Friday, February 10, 2012

Fly fishing has many creative participants and a dedicated following.  The amount of gear available out there is astonishing and it would be impossible to sample it all.  Being a guide allows me to try a lot of rods and reels that my guests have brought and there are definitely some beautiful rods being made out there these days.  The tendency has been to build faster, harder, stronger; but there has been equal attention put into the softer and slower presentation rods like the Scott F1 and now F2.

The Scott F2  

Scott Fly Rod Company has balls for sure.  They have a hip and photo rich ad campaign that creates a lifestyle image around the company and when they launched the F1 series a couple of years back I remember thinking WOW!  A fibreglass rod series introduced when the industry trend is wrapping blanks for speed.  A throw back in material for sure but enough to catch the interest of our guides Jonny 'Bravo' and Joel Whalen.  They both bought this awesome little pieces of Colorado architecture to do battle with the cutts in some of our smallest waters.  They both purchased one weights matched them with Sages ultra light Click 1 and began a small stream love affair.

It's a super cool little rod which waves like the wand of a sorcerer in the right hands, picture hiding behind a stand of grass and with a couple of flicks of the wrist you can cast the  fly, stack a mend and let it drift softly into the basin sized bucket where trout lips is softly sipping.  As you raise your  arm to set on the poor creature, the arc in the rod doubles over and an epic small stream battle ensues.  The soft blank of the rod allows for short and aggressive runs into the undercut absorbing the tension put on the tippet...truly a small stream specialists rod of choice.   One of our newest clients Jerry Skurka from the Chicago area brandishes this fine little weapon on the countless spring streams of the Driftless area in Wisconsin.  His is a three weight F2 and I gave that rod a few throws on one of our small streams and found it to be an incredibly acrobatic rod.  You can definitely get tricky with these little gems.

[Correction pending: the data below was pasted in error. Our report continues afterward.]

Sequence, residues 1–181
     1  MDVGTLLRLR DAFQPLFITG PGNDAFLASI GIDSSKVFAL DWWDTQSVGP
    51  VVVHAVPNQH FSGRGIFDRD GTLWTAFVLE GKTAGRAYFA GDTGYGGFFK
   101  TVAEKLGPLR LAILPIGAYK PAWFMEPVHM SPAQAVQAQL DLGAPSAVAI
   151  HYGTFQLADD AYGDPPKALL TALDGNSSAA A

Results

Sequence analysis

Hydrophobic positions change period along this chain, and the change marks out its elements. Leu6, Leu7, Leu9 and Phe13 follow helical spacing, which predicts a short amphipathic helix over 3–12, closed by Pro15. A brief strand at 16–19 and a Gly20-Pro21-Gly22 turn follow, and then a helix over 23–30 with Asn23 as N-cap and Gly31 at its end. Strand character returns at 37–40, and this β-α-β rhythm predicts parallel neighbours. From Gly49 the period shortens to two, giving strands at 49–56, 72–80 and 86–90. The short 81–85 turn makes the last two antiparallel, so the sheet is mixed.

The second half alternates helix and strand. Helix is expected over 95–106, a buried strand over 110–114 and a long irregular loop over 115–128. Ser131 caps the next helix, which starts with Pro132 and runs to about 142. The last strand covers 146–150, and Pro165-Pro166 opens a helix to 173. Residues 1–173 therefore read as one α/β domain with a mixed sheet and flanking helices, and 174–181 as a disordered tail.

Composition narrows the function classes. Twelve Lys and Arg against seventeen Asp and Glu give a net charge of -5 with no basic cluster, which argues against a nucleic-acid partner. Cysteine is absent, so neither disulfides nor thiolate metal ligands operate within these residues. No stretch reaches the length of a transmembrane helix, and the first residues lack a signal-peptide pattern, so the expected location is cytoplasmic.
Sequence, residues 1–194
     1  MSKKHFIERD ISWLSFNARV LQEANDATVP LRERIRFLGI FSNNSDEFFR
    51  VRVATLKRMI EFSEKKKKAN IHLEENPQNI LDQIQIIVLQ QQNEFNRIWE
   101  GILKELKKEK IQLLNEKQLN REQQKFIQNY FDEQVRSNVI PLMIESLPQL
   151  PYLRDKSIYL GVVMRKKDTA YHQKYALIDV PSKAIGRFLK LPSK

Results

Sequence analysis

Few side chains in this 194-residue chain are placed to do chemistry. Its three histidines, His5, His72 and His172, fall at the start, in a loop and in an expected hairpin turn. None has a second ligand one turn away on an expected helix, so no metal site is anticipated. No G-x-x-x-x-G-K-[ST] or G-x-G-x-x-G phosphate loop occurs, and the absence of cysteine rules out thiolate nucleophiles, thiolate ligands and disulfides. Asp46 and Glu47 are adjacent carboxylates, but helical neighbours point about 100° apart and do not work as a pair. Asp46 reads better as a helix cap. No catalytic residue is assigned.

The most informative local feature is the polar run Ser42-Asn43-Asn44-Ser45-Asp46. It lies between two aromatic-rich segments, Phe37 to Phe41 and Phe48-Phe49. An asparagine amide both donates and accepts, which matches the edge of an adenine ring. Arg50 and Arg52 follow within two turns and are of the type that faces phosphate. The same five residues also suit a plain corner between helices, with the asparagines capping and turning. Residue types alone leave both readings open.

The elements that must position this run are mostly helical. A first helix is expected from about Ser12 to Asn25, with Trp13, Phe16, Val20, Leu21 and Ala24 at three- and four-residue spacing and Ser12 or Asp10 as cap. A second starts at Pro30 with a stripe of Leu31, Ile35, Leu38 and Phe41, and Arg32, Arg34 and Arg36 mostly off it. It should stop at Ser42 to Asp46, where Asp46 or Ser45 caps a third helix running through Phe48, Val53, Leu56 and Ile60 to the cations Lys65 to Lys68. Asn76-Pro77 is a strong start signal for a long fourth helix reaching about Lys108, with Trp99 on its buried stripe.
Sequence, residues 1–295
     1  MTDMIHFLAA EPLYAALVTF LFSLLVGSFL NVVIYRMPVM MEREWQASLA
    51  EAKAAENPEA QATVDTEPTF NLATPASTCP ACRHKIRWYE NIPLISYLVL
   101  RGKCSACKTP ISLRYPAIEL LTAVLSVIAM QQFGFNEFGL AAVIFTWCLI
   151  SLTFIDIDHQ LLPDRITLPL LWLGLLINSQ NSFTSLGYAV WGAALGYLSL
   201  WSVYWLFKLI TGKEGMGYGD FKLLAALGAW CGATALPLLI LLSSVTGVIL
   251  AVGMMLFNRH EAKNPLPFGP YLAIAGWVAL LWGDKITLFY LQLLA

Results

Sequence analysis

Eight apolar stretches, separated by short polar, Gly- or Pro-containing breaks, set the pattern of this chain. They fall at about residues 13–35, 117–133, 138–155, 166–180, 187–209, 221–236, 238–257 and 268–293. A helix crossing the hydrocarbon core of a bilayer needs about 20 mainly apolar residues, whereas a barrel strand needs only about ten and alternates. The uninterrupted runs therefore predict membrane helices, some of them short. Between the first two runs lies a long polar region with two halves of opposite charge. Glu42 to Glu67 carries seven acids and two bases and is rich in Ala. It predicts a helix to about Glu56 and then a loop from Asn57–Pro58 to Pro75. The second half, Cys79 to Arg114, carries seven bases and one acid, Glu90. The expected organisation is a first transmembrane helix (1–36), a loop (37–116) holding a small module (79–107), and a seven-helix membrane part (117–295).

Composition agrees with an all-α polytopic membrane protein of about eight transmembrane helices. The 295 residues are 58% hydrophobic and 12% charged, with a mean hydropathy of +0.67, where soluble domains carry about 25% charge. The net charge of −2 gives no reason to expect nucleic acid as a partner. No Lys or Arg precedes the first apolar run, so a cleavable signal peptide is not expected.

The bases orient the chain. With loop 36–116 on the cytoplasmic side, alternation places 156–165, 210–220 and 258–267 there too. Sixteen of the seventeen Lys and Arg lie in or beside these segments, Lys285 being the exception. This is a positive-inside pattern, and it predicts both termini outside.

For reels I've been married to Bauer for a long time.  I've had some of their reels for 8 years and have never had them fail.  The cork/ceramic drag system is impeccable and smooth beyond compare.  Most of their reels are equipped with this system.  The one fall back of this drag system is wear in the drag knob which can cause the knob to back off during weather changes which is fairly constant in the Rocky Mountains.  This is easily fixed by adding washers which can be sent to the customer by Bauer or you can choose to step away from this system and go with their new Rogue series which is where I have been lately.  A sealed drag system with ultra smooth resistance, the large V arbour allows for excellent line capacity in an extremely light weight reel.  For the Columbia River this is essential as the runs can put you so deep into your backing it is essential to step up a reel size in order to handle the brutes in the massive current.  Having a light weight large arbour allows this to happen without messing up it's balance with the rod.  They have some cool colour options including a splash colour which is added on at a reasonable cost.

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